On July 12, 2014, Thomas was acquired by the Phoenix Suns in a sign-and-trade deal that also sent the rights of Alex Oriakhi to the Kings. On August 14, 2014, Thomas underwent a successful arthroscopy of his left wrist, for an injury he sustained in the previous season. He went on to make his debut for the Suns in the team's season-opener against the Los Angeles Lakers. He recorded 23 points, 3 assists and 1 rebound in an 119–99 win. In the Suns' next game on October 31, Thomas again recorded 23 points in a 94–89 win over the San Antonio Spurs, becoming just the fourth Sun, joining Tom Chambers, A. C. Green, and Tom Gugliotta, to score at least 23 points in his first two games with the team.
After missing eight games with an ankle injury, Thomas returned to action on December 12 as he scored 10 points in the Suns' 103–105 loss to the Detroit Pistons. On January 21, 2015, He recorded a season-high 27 points off the bench in an 118–113 victory over the Portland Trail Blazers. On February 5, Thomas was announced as a contestant for the NBA Skills Challenge, making him the shortest contestant to ever participate in the event.
On February 19, 2015, Thomas was traded to the Boston Celtics in exchange for Marcus Thornton and a 2016 first-round pick. Three days later, he made his debut for the Celtics in a 118–111 overtime loss to the Los Angeles Lakers, scoring 21 points off the bench. On March 2, 2015, he was named Eastern Conference Player of the Week for games played Monday, February 23 through Sunday, March 1. He later missed eight games throughout March with a bruised lower back. On April 8, 2015, he scored a season-high 34 points in a 113–103 win over the Detroit Pistons. He subsequently earned Eastern Conference Player of the Week honors for games played Monday, April 6 through Sunday, April 12. In his first career playoff game on April 19, Thomas recorded 22 points and 10 assists in a first-round Game 1 loss to the Cleveland Cavaliers. The Celtics went on to lose to the Cavaliers in a four-game clean sweep, as Thomas averaged 17.5 points and 7.0 assists per game over the series. As a result of his sixth-man role with both Phoenix and Boston in 2014–15, Thomas finished second in the NBA Sixth Man of the Year Award voting with 324 points, including 33 first-place votes.
On December 16, 2015, Thomas tied his then career high of 38 points in a 119–116 loss to the Detroit Pistons. On January 28, 2016, he was named an Eastern Conference All-Star reserve for the 2016 NBA All-Star Game. Thomas became the lowest draft pick to be named an All-Star since the NBA draft was reduced to two rounds in 1989. He also became just the ninth player under 6 feet (1.8 m) to be named an All-Star, while also tying Calvin Murphy as the shortest player to be selected for the All-Star Game. On February 8, 2016, he was named Eastern Conference Player of the Week for games played Monday, February 1 through Sunday, February 7. Thomas led the Celtics to a 4–0 week, including a road victory against the Eastern Conference-leading Cleveland Cavaliers, and averaged 20.3 points (12th in the East), 7.0 assists (tied for fourth in the conference) and 4.5 rebounds. With the Celtics down 2–0 to the Atlanta Hawks in the first round of the 2016 playoffs, Thomas scored a then career-high 42 points in Game 3 in Boston to lift the Celtics to a 111–103 win. He became just the ninth Celtic to score 40 points in a playoff game. With 28 points in Game 4, Thomas helped the Celtics even the series at 2–2 with a 104–95 overtime win. However, the Celtics went on to lose the series 4–2.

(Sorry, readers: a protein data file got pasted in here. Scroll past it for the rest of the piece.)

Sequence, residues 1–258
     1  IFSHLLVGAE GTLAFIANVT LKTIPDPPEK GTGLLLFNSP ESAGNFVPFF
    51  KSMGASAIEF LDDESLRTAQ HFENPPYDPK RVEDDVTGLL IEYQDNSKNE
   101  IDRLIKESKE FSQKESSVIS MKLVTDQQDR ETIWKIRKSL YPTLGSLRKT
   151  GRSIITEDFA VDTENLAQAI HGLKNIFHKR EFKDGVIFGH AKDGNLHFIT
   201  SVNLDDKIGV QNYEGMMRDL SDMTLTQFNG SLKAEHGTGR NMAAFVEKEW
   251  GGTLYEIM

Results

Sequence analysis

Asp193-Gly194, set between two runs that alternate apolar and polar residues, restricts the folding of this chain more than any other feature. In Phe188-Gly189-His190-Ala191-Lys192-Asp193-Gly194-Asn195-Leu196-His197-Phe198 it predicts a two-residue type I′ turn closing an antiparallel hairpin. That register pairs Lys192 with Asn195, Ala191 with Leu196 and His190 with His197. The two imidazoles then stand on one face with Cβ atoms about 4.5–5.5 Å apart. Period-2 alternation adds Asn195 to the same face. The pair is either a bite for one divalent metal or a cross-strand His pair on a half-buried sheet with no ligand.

Over the first 21 games of the 2016–17 season, Thomas scored 20 points or more in every contest but one. After returning from a four-game absence in early December with a groin strain, Thomas continued to put up big numbers. On December 20, he scored a then career-high 44 points, including 36 after halftime, in a 112–109 overtime win over the Memphis Grizzlies. He also matched his career best for three-pointers, going 7-of-10 from outside the arc. He subsequently earned Eastern Conference Player of the Week honors for games played Monday, December 19 through Sunday, December 25. On December 30 against Miami, he scored 29 of his career-high 52 points in the fourth quarter, setting a franchise record for points in a period and leading Boston to a 117–114 victory over the Heat. Thomas hit six of his nine three-pointers in the fourth and broke the franchise record of 24 points in a quarter set by Larry Bird in 1983 and matched by Todd Day in 1995. Thomas' 52 points was the fourth-highest scoring total in Celtics history—Bird holds the record with 60 points in March 1985.